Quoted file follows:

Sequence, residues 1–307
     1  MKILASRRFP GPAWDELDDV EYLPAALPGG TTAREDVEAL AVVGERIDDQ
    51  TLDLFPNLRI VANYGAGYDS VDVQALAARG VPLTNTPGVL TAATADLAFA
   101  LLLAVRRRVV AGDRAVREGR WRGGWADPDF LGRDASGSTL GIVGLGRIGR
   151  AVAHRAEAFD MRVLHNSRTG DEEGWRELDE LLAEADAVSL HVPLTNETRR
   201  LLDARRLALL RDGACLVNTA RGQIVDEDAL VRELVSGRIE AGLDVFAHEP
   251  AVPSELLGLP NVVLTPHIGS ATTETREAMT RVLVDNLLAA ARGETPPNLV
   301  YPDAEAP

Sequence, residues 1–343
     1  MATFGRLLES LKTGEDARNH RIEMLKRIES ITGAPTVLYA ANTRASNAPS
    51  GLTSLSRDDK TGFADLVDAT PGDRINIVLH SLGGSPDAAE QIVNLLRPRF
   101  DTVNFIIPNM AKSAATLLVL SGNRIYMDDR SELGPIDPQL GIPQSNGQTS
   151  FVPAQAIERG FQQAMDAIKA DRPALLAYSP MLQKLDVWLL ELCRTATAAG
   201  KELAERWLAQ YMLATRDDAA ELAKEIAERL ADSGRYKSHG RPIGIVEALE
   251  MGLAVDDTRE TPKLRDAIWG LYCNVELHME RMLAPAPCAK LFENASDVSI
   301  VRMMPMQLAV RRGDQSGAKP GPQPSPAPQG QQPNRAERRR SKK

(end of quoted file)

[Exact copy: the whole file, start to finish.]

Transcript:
Sequence, residues 1–307
     1  MKILASRRFP GPAWDELDDV EYLPAALPGG TTAREDVEAL AVVGERIDDQ
    51  TLDLFPNLRI VANYGAGYDS VDVQALAARG VPLTNTPGVL TAATADLAFA
   101  LLLAVRRRVV AGDRAVREGR WRGGWADPDF LGRDASGSTL GIVGLGRIGR
   151  AVAHRAEAFD MRVLHNSRTG DEEGWRELDE LLAEADAVSL HVPLTNETRR
   201  LLDARRLALL RDGACLVNTA RGQIVDEDAL VRELVSGRIE AGLDVFAHEP
   251  AVPSELLGLP NVVLTPHIGS ATTETREAMT RVLVDNLLAA ARGETPPNLV
   301  YPDAEAP

Sequence, residues 1–343
     1  MATFGRLLES LKTGEDARNH RIEMLKRIES ITGAPTVLYA ANTRASNAPS
    51  GLTSLSRDDK TGFADLVDAT PGDRINIVLH SLGGSPDAAE QIVNLLRPRF
   101  DTVNFIIPNM AKSAATLLVL SGNRIYMDDR SELGPIDPQL GIPQSNGQTS
   151  FVPAQAIERG FQQAMDAIKA DRPALLAYSP MLQKLDVWLL ELCRTATAAG
   201  KELAERWLAQ YMLATRDDAA ELAKEIAERL ADSGRYKSHG RPIGIVEALE
   251  MGLAVDDTRE TPKLRDAIWG LYCNVELHME RMLAPAPCAK LFENASDVSI
   301  VRMMPMQLAV RRGDQSGAKP GPQPSPAPQG QQPNRAERRR SKK